The emotional basis of addiction

I have been noticing a growing trend in my practice where a lot of patients who are suffering from depression, anxiety, complicated grief or unresolved trauma use addiction as a way of coping. Addiction can be defined as a state of feeling stuck to something, whether it be a substance, a thought or behaviour, regardless of its negative impact on the relevant person’s life or the life of others.

Addiction does not exist in a void; biological, psychological, emotional, social, and even spiritual factors play a key role in the development of addictive patterns. However, the potential of drugs to be addictive is deeply rooted in an inability to deal with emotions, feelings of emptiness/meaninglessness and is increased by pre-existing vulnerability and stress.

Even the type of substances/object that a person was addicted to was usually telling of the type of issues they were dealing with for example I noticed that many of my patients who highly valued materials success and have hoarding disorders report having challenges in relating to people around them and had parents that were not nurturing. They appeared to adopt materialistic values to cope with loneliness.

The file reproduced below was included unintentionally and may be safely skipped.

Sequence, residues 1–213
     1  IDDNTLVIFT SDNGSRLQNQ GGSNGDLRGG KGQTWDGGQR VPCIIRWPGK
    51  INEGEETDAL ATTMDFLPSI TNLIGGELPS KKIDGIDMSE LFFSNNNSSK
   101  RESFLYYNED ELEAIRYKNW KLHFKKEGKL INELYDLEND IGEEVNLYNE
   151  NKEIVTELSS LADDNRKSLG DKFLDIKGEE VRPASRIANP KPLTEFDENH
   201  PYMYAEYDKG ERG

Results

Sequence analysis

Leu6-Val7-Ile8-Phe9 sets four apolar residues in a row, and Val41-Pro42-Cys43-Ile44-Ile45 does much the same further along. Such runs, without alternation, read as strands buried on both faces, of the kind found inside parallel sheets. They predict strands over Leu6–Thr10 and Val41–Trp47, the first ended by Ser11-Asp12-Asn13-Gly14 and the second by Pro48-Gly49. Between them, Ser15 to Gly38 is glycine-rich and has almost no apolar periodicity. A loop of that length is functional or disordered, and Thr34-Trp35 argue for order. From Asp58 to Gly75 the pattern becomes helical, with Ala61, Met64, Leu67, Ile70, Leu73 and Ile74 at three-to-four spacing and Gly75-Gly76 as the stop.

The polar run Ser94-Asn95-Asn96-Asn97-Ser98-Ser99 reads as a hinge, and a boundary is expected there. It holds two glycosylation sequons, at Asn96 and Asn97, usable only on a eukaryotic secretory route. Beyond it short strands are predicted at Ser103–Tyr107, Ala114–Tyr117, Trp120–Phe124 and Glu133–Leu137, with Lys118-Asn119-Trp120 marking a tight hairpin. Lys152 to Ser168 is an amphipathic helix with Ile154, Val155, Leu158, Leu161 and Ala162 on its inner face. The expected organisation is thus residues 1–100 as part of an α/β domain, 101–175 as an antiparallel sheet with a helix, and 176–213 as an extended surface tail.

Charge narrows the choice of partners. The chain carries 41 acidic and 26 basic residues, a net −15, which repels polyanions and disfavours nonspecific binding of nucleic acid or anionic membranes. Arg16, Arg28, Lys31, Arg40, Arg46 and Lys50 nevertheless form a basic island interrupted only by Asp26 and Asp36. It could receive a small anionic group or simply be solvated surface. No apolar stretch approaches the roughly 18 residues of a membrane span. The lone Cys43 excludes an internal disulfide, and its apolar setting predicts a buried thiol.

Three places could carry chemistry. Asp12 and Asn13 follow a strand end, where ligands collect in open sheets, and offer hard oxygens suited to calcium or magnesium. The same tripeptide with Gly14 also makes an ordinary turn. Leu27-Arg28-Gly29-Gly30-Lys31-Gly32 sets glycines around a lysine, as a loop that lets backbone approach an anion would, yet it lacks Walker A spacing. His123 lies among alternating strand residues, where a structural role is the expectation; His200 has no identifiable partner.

Anxiety was associated both with alcohol consumption and drug use to cope with stress. Marijuana was commonly used to feel calmer and reduce the self-doubting. Patients who were unconformable with confrontation and prone to feeling overwhelmed attempted to detach themselves from psychological distress by using hallucinogens as a means of avoiding painful emotions and self-awareness.

Anxiety, fear of not feeling good enough and a desire for perfection also contributed to eating disorders. A critical mother was usually part of that story as well. Weight related concerns appeared to be a defensive method to compensate for feelings of helplessness, insignificance, and vulnerability.

People who cannot find or receive love and have lost meaning in their lives, need to find substitutes and that’s where addictions come in. Usually, as patient’s moods lift and they reconnect with people around them, find meaning in their lives and feel understood, the desire for substances reduces and they find healthier ways to cope. Johann Hari aptly summarises this observation and said that the opposite of addiction was not sobriety but connection.

 

By |2019-12-01T23:28:11+02:00December 1st, 2019|Uncategorized|0 Comments

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